Responses to the Problem of Drug Dealing in Privately Owned Apartment Complexes
Your analysis of your local problem should give you a better understanding
of the factors contributing to it. Once you have analyzed your local problem
and established a baseline for measuring effectiveness, you should consider
possible responses to address the problem.
The following response strategies provide a foundation of ideas for addressing
your particular problem. These strategies are drawn from a variety of
research studies and police reports. Several of these strategies may apply
to your community's problem. It is critical that you tailor responses
to local circumstances, and that you can justify each response based on
reliable analysis. In most cases, an effective strategy will involve implementing
several different responses. Law enforcement responses alone are seldom
effective in reducing or solving the problem. Do not limit yourself to
considering what police can do: give careful consideration to who else
in your community shares responsibility for the problem and can help police
better respond to it.
Because a drug market can become entrenched fairly quickly, budding drug
markets should not be ignored. Early intervention makes good use of scarce
police resources since entrenched drug markets are fertile ground for
other criminal activity.
General Considerations for an Effective Strategy
- Enlisting property owners' help in closing
a drug market. Drug dealing in apartment complexes exacts high
costs. Aside from the health costs associated with use and addiction,
and the physical risks to the safety of tenants, property managers and
dealers themselves, there are considerable financial costs to the property
owner. Consider using these costs to engage the property owner in tackling
Most apartment complexes where drug dealing occurs experience many other
problems as well, including high tenant turnover and vacancy rates;
vandalism or squatting in vacant apartments; increased calls to police;
increased police presence on the property; poor reputation of the complex
and the property management among neighbors, police and local realtors;
lower property values for the complex and for surrounding properties;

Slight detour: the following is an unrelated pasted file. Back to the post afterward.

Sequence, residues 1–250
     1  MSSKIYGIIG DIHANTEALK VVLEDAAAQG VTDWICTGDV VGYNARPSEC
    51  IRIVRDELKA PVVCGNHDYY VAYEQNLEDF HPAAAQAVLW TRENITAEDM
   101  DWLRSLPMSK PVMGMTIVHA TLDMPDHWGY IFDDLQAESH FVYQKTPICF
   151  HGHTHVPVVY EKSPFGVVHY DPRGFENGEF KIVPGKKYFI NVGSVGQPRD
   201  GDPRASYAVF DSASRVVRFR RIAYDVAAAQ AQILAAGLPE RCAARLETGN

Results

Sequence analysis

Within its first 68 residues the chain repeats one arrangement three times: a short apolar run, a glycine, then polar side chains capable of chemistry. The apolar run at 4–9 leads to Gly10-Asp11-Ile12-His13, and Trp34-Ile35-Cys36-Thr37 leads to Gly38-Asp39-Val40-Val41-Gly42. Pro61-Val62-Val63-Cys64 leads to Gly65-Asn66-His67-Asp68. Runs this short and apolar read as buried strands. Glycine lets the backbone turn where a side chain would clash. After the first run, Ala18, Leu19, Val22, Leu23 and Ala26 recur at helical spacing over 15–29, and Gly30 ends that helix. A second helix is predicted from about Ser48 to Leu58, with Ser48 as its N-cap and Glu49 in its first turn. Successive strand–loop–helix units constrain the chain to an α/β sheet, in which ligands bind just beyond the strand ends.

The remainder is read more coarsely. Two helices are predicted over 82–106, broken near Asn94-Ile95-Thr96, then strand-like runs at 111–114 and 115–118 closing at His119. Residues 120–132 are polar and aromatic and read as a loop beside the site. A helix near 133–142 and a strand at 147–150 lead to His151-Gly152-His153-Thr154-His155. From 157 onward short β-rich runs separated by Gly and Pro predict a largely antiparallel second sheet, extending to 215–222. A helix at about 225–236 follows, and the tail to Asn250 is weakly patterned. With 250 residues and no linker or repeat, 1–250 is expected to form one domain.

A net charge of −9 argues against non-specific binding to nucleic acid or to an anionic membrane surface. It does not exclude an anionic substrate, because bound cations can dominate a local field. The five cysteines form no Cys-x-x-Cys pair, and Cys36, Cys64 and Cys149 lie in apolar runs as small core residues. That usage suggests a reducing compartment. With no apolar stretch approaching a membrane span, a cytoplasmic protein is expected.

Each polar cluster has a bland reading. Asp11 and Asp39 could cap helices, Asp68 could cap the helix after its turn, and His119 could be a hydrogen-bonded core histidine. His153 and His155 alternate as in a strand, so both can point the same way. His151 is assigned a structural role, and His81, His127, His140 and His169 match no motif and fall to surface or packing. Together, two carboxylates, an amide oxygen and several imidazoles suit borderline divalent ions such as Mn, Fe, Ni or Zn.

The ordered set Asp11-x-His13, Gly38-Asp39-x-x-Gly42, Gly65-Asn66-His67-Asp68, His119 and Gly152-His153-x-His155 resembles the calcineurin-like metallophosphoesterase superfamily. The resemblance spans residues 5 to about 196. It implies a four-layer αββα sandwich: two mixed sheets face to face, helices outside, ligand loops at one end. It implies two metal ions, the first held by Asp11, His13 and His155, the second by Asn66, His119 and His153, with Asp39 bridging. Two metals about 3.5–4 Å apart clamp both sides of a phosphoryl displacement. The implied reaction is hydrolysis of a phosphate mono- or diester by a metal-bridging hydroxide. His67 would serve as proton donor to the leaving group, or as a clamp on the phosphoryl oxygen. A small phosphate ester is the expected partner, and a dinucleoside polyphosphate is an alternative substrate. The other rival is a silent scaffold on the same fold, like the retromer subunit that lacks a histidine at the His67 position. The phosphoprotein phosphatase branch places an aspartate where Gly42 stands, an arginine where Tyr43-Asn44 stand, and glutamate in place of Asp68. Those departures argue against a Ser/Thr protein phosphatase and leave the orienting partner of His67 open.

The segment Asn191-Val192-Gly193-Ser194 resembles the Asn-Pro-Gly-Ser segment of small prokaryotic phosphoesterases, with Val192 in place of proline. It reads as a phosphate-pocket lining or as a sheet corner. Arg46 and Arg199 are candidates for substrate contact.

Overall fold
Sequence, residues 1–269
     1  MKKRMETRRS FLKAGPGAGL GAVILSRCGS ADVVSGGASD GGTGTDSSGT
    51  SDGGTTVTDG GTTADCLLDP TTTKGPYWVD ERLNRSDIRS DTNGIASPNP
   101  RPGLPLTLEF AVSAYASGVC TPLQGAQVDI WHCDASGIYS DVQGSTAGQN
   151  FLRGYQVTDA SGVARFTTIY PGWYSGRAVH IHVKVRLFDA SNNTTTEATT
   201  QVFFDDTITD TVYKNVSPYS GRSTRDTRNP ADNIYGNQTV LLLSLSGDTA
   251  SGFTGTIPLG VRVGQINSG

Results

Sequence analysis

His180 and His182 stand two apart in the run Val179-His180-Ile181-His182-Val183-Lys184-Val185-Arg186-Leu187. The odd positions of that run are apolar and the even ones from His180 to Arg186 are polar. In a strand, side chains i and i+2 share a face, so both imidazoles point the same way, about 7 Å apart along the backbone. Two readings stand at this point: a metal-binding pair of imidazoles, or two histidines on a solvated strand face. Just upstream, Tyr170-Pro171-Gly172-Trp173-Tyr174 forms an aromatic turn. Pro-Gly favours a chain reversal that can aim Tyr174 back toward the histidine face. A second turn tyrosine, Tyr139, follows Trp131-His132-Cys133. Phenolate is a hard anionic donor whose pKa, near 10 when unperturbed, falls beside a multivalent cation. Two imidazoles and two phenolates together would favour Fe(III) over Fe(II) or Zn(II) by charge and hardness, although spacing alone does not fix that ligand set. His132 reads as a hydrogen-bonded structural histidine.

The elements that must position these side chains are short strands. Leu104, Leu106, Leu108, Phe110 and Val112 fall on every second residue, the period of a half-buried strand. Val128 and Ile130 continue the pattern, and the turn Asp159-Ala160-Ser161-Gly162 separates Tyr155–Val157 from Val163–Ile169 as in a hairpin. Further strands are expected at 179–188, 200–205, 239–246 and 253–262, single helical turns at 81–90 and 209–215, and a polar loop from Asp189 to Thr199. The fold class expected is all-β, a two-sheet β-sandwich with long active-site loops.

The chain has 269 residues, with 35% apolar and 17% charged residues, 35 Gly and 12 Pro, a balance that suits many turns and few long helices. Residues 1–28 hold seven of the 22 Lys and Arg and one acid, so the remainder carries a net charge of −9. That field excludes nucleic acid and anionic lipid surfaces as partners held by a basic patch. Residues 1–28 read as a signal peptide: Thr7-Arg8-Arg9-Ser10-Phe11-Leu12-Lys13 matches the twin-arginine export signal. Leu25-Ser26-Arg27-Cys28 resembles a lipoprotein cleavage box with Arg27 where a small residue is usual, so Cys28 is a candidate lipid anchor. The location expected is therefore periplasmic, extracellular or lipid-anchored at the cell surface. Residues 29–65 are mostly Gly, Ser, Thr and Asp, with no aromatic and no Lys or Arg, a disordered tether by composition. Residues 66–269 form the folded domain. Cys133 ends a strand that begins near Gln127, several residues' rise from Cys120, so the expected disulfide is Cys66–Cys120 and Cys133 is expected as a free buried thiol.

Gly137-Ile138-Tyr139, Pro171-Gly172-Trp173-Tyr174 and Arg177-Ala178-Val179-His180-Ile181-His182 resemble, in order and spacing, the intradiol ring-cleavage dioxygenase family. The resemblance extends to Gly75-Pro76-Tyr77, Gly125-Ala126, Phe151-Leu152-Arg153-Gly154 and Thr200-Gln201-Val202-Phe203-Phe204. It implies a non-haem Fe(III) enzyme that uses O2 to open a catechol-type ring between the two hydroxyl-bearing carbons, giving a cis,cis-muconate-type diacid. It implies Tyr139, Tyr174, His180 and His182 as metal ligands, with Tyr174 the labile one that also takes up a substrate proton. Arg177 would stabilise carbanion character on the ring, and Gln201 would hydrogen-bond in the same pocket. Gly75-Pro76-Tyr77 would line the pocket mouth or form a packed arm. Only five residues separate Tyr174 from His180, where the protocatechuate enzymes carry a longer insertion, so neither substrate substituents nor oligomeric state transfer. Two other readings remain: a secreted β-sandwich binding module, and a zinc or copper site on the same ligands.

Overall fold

fear among law-abiding tenants (including fear of retribution); apathy
among law-abiding tenants if they perceive the property owner as ignoring
or encouraging the market; ceding of common space by lawabiding tenants
to those engaged in crime; isolation of lawabiding tenants who stay
indoors when dealing (and crimes associated with dealing) are more prevalent;
and illicit gun possession by those (sometimes juveniles) seeking to
protect themselves against dealers. The presence of drug-dealing tenants
in an apartment complex sometimes attracts other criminals as tenants,
because the drug dealing can mask their activities or provide them with
a ready market for their activities.
In addition, the property owner might incur these typical financial
|| Average cost if drug dealer simply stops
paying rent for one month
||Writ of Possession
||Loss of rent due to tenant turnover
||Labor costs of a painter
||General cleaning of apartment
||Cost to property owner (if there is no damage
to the apartment)
- Enforcing laws and agreements violated by
drug dealing in privately owned apartment complexes. When selecting
responses, consider which specific laws and agreements are violated
by drug dealing in open or closed markets.
- Apartment complex rules: sometimes referred to
as "house rules" concerning visitors, noise, use of space,
- State laws: narcotics laws (trafficking, possession
and intoxication); alcohol laws; loitering and trespassing laws;
health codes; child welfare laws, including child endangerment (if
a child is in a dealer's apartment); elder abuse laws (if a dealer
is taking advantage of an older person and using his or her residence
to deal drugs); vandalism laws; harassment laws; nuisance
certain asset forfeiture laws.
- Federal laws: drug-free
school zone laws (when
the market is near a school); federal tax laws; certain asset
forfeiture laws; federal (and sometimes state) housing
voucher programs providing
disadvantaged tenants with apartments in private complexes subject
property owners to special conditions.
- Local laws: nuisance
laws; alcohol laws; health
codes; local building, fire and environmental code violations (especially
if dangerous drugs are chemically mixed in an apartment); dog leash
violations (if dangerous dogs are used to protect the market); business
or zoning laws regarding operation of an illegal business in a residential